On June 16, 2011, the IASB released its amendments to IAS 19 (Employee Benefits).  David Zion, accounting research analyst for Credit Suisse, reviews the implications of the amendments and concludes that “now it’s FASB’s turn” to “fix” pension accounting. In fact, he recommends that the FASB simply expose the new IASB rules, as is, to FASB constituents and respond to feedback as a way to get the ball rolling.

 Essentially, the new IASB rules eliminate the smoothing mechanisms currently present in U.S. GAAP, including the elimination of the need to estimate the expected return on plan assets.  As a result, Zion says, “companies won’t have to worry about the earnings impact of their pension asset allocation decisions and can instead focus more on the underlying economics and risks. That could result in an increased emphasis on liability-driven-investing, which could change asset allocations” …  sounds to me like a good research question for academic accounting researchers to investigate.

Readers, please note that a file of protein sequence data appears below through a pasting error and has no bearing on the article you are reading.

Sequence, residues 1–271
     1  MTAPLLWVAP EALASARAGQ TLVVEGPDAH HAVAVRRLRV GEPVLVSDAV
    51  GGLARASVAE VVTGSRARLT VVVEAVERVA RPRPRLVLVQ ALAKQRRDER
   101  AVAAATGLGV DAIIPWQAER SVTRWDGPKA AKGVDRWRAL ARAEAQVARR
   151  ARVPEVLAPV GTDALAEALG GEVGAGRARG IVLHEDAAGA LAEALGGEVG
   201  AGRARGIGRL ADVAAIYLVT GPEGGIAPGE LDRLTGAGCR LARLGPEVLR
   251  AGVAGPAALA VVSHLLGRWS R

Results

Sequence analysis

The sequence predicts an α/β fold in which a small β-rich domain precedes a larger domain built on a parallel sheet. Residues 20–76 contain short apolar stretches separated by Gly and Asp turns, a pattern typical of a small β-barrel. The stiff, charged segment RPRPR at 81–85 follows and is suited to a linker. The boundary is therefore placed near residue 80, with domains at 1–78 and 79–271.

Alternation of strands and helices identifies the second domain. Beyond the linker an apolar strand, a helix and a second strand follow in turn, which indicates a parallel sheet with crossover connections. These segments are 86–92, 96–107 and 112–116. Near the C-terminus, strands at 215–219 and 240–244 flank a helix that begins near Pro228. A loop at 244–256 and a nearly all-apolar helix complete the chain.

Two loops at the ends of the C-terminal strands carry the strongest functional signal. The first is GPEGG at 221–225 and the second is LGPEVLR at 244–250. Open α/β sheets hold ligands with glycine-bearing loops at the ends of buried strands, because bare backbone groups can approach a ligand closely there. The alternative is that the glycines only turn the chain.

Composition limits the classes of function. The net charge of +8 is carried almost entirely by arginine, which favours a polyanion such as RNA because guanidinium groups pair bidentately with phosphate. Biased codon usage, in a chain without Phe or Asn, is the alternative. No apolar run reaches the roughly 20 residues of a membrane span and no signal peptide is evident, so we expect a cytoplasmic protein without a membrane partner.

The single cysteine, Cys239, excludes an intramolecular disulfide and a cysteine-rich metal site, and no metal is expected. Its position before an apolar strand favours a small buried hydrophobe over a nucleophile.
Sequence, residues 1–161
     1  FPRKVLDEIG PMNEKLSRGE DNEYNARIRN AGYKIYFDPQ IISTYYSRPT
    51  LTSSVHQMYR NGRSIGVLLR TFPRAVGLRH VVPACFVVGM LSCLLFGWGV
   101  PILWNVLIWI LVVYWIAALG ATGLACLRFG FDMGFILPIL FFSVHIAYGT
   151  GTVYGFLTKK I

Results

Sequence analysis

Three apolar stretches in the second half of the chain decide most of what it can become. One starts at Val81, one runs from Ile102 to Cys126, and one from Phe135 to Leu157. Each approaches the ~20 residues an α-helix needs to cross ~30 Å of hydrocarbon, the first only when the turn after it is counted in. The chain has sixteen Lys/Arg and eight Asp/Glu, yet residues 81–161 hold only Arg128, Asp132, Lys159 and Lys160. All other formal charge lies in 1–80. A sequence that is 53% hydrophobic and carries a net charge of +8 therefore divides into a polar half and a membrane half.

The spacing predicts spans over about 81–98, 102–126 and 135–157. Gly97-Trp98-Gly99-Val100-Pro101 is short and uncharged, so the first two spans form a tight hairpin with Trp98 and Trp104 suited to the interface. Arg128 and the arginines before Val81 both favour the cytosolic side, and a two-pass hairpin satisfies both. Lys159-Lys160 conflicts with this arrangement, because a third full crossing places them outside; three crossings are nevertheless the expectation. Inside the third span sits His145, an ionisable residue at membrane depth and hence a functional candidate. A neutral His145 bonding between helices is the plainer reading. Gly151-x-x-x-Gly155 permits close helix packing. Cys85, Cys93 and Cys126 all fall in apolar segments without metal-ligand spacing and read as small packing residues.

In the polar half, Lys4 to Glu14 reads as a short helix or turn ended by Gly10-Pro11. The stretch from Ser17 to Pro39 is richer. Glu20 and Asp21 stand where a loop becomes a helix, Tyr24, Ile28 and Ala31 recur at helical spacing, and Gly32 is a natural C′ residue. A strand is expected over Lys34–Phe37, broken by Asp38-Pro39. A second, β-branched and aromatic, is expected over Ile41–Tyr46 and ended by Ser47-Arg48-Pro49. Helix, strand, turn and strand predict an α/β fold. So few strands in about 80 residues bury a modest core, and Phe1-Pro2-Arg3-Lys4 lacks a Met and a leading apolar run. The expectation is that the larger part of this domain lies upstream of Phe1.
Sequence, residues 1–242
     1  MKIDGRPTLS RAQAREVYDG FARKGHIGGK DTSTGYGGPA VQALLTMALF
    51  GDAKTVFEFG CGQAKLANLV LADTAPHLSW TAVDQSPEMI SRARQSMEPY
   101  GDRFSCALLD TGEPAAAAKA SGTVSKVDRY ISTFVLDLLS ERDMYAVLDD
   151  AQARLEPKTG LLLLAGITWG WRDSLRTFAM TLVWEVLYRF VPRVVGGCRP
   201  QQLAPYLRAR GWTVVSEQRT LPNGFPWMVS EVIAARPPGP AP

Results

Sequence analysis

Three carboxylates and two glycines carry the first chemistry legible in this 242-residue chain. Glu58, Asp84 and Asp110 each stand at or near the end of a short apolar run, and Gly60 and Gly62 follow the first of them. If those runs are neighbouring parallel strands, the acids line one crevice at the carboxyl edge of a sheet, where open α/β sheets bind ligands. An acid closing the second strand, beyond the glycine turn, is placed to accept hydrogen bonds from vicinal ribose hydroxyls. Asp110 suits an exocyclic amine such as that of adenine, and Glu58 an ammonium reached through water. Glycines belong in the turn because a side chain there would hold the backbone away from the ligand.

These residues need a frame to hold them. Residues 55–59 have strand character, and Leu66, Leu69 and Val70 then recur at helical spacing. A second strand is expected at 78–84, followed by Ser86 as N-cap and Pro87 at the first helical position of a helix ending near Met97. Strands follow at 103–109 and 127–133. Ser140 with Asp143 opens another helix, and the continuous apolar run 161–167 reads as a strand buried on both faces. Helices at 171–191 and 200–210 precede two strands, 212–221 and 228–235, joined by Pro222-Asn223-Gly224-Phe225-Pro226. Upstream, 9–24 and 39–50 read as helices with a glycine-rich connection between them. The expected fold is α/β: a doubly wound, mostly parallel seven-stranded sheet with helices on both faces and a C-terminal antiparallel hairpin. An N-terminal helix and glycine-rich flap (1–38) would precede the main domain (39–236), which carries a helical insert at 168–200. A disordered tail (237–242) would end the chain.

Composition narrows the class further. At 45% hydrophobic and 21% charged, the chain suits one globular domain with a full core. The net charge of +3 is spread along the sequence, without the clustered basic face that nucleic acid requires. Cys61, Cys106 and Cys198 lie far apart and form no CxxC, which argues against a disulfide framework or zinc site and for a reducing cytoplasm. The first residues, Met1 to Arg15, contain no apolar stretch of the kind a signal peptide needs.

The article provides a good summary of what’s new about pension accounting as prescribed by the IASB amendments to IFRS 19.  Among other things, the article explains how much of the change in the value of the net pension asset or liability will hit net income and how much will hit OCI.  You can read the full article by clicking here.